They camped together in the Sierra Nevada range and
the Northwest saw each other when Muir was in the San Francisco area,
and helped inspire each other's work. Muir directly
influenced many of Keith's early Yosemite scenes, encouraged him to
reproduce the precise landscape details, and guided him through some of
the West’s most beautiful vistas.
In 1889, Muir, LeConte and Keith began meeting regularly in William Keith's San Francisco painting studio to discuss the formation of an alpine club to protect and preserve their beloved mountains. With the help of attorney Warren Olney and others, they founded the Sierra Club in May of 1892. http://www.sierraclub.org/john_muir_exhibit/press_releases/2_great_grandsons.aspx
It is not generally known that Mr. Keith, the eminent landscape painter, can wield the pen as gracefully and almost with as much power as he does the brush. The following article by Mr. Keith was published in the Boston Advertiser in 1874, and is highly interesting as depicting the resolution of the early-day artists in California to explore this new land and transfer its beauty to canvas.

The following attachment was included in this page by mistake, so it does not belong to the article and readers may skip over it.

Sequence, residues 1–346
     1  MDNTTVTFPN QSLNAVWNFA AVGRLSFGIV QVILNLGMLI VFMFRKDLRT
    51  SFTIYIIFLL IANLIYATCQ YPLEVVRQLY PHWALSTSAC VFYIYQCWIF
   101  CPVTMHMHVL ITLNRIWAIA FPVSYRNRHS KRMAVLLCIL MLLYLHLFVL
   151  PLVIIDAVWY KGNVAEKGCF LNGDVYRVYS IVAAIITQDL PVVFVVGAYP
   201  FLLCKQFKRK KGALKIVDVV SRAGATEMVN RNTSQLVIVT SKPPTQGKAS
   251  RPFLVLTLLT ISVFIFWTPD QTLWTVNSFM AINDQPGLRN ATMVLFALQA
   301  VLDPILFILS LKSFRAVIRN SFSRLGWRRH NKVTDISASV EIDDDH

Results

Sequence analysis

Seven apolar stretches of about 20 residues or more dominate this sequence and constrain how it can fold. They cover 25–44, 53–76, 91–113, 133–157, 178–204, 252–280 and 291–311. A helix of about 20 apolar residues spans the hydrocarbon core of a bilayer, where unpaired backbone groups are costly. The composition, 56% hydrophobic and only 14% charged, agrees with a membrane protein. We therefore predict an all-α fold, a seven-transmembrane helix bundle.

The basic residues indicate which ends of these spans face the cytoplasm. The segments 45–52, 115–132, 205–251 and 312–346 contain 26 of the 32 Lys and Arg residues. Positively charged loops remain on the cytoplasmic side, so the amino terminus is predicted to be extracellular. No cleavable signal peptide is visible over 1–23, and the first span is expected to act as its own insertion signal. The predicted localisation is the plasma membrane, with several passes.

Eastern artists who read this will see that sketching here on the Pacific slope is a very different thing from sketching in New England. Traveling about in the Sierras, one has to undergo a good deal of hardship and keep it to one's self. Yellow saleratus biscuit, pork and "garden sauce"—otherwise potatoes, make the chief of one's diet in this land of fruits,— I mean when in the mountains. When it was getting on into the fall [of 1872] I set out for the Yosemite and from there went two days further up into the Sierras with John Muir—one of those remarkable men one often meets in California—a very good writer and a scientist. We were gone twelve days from the Yosemite; lived on tea and flour and water; I sickened of the pork. In such places one has to get along with the least possible weight. You are on horseback and can't carry much. It is a matter of scramble, tumble, rumble, and wallow, over moraine, rock, chaparral, rock polished by glaciers so that it glitters and shines in the sun,—chaparral so thick that when you get into it your only way of getting out is to get into a rage and tear things. When we got to Mount Lyell it was the grandest thing I ever saw. It was late in October, and at an elevation of 10,000 feet. The frost had changed the grasses and a kind of willow to the most brilliant yellows and reds; these contrasting with the two-leafed pine and Williamson spruce (the only other kinds of trees growing at that elevation), the cold gray rocks, the colder snow, made a glorious sight.